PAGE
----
SHANGHAI — As his grandson giggled gleefully while playing nearby, Shanghai resident Feng let out a deep sigh of relief.
With qualified caregivers looking after the boy in the "baby house", Feng could proceed with other important tasks.
"While my little grandson is under proper care, I can conveniently attend classes at the seniors' university or read books and newspapers at the library," he said.
"Baby house", a homonym for "hold me" in the Shanghai dialect, aims to provide convenient and temporary child care services for families with children ages 1 to 3.
Last year, China had approximately 32 million infants and toddlers under age 3, with over one-third of them coming from families seeking child care. In metropolises such as Beijing, Shanghai and Guangzhou, Guangdong province, over two-thirds of families have a need for child care, according to data from the National Health Commission.
In Shanghai, the baby houses were launched as a pilot project last year. The city plans to expand the facilities to all 16 districts this year, adding no less than 3,200 community child care spots.
These centers are usually located within communities, making them easily accessible for parents. With colorful, spacious interiors resembling kindergartens, the facilities offer children engaging activities and designated spaces tailored to various developmental needs. "The baby houses are an integral part of residents' daily lives," said Yu Wenjun, director of the Jiangning Road subdistrict office in Shanghai.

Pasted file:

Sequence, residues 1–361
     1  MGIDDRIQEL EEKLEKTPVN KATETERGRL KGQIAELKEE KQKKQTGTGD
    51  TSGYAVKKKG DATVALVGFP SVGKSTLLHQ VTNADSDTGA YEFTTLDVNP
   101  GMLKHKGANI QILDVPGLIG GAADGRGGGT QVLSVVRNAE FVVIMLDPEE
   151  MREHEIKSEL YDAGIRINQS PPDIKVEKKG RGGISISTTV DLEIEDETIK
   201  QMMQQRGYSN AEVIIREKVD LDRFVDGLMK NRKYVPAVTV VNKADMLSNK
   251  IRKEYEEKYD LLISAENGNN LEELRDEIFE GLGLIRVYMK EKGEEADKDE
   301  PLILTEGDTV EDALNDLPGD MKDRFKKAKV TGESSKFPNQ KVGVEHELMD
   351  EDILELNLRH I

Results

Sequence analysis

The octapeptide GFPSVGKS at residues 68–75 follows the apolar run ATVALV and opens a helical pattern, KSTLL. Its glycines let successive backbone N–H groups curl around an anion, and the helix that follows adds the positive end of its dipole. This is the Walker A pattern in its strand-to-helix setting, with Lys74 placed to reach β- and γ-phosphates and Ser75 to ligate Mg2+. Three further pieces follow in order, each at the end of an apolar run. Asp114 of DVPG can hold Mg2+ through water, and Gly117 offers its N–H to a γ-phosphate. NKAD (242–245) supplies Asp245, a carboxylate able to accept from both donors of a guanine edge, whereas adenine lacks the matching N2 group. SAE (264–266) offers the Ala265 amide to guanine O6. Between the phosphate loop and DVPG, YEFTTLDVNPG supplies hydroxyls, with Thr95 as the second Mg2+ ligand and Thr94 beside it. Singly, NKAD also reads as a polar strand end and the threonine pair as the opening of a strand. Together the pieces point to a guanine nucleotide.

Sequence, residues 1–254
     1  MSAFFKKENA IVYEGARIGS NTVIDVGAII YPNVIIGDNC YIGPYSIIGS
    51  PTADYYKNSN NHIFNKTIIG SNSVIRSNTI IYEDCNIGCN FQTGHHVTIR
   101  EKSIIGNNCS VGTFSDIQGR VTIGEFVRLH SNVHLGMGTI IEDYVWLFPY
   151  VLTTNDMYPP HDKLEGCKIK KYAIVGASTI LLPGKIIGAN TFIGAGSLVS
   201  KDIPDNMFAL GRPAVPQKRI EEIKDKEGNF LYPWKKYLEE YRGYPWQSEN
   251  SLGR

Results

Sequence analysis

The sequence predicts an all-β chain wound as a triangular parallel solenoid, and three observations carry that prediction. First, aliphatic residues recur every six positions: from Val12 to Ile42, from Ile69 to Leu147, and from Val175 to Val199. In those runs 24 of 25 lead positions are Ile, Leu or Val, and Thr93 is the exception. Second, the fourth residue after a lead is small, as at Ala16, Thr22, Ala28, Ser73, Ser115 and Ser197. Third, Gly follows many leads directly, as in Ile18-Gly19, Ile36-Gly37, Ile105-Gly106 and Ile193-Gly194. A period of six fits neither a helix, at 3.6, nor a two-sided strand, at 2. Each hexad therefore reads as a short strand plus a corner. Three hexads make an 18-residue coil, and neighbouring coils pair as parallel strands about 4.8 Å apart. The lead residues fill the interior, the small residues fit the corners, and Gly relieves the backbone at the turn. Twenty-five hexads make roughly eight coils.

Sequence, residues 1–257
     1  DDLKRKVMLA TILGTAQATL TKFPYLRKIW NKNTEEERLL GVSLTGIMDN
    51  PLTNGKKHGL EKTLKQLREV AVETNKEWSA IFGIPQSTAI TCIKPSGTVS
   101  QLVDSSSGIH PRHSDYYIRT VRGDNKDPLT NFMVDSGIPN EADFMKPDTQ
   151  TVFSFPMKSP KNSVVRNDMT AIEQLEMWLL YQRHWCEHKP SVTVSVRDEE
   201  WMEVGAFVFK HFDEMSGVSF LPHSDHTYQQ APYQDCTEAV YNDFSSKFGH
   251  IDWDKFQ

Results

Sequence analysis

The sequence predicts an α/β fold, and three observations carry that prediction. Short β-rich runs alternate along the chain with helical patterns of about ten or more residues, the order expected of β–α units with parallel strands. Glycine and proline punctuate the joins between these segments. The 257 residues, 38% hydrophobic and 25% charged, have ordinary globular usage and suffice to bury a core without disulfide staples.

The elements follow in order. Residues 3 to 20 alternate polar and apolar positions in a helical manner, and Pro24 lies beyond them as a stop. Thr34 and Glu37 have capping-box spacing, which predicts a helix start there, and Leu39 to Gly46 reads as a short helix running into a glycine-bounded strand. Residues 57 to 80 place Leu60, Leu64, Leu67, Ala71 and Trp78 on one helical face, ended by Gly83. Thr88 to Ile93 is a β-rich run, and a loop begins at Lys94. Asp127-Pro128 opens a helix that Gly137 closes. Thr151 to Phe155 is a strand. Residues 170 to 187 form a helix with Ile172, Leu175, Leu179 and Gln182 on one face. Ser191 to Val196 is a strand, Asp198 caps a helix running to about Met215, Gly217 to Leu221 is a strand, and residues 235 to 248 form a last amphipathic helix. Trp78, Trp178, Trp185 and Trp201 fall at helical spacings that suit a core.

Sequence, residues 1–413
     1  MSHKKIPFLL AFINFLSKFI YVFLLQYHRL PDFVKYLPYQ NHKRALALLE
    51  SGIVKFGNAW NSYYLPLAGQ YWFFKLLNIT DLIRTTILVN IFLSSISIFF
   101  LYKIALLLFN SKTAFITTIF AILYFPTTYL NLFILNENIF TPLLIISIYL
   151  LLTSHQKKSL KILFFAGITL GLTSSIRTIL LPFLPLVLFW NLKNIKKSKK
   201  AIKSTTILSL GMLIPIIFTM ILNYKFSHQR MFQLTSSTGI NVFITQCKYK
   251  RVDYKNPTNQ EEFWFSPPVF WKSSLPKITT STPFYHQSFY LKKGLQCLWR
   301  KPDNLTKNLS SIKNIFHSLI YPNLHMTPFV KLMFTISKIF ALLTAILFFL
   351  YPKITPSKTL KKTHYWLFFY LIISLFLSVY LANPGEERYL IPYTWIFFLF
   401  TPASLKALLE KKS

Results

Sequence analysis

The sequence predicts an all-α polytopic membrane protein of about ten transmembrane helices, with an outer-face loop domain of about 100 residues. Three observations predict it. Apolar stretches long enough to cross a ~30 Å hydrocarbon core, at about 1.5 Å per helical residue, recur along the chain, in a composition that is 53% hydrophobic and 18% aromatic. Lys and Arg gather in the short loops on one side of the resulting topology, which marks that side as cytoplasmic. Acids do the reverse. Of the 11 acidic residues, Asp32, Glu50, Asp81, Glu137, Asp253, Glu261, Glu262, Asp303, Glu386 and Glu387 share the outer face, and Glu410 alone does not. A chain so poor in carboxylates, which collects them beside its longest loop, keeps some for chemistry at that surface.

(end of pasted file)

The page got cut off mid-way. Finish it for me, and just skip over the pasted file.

The subdistrict, with around 900 infants and toddlers under age 3, has five baby houses. Since last year, it has been offering three-hour reservation-based child care services every weekday in the morning and afternoon.
Inside one of the baby houses in the subdistrict, the children's play zone features soft cushions, with separate rooms designed for different activities such as crawling and balancing exercises. Enhancing the experience for the children, the corridor features vibrant magnetic and graffiti walls, as well as colorful tactile panels.
The baby house currently has two caregivers and two childminders, all of whom are certified, as well as a health worker.
Chen Chen, a local parent, said that parents have set up online chat groups and often bring their children together to the child care facility.
"When children of a similar age gather, they adapt faster and create a familiar environment, which is helpful for their growth," Chen said.
Between 2021 and 2025, Shanghai plans to achieve a child care coverage rate of no less than 85 percent for its more than 200 subdistricts and communities.
According to Yang Hanjia, who runs a baby house in the Jiangning Road subdistrict, they are tasked with nurturing what they call the "most tender group" of children.
"We hold ourselves to the highest standards when dealing with this group. Even though it's temporary care, we hope to help them grow with our love and ability," Yang said.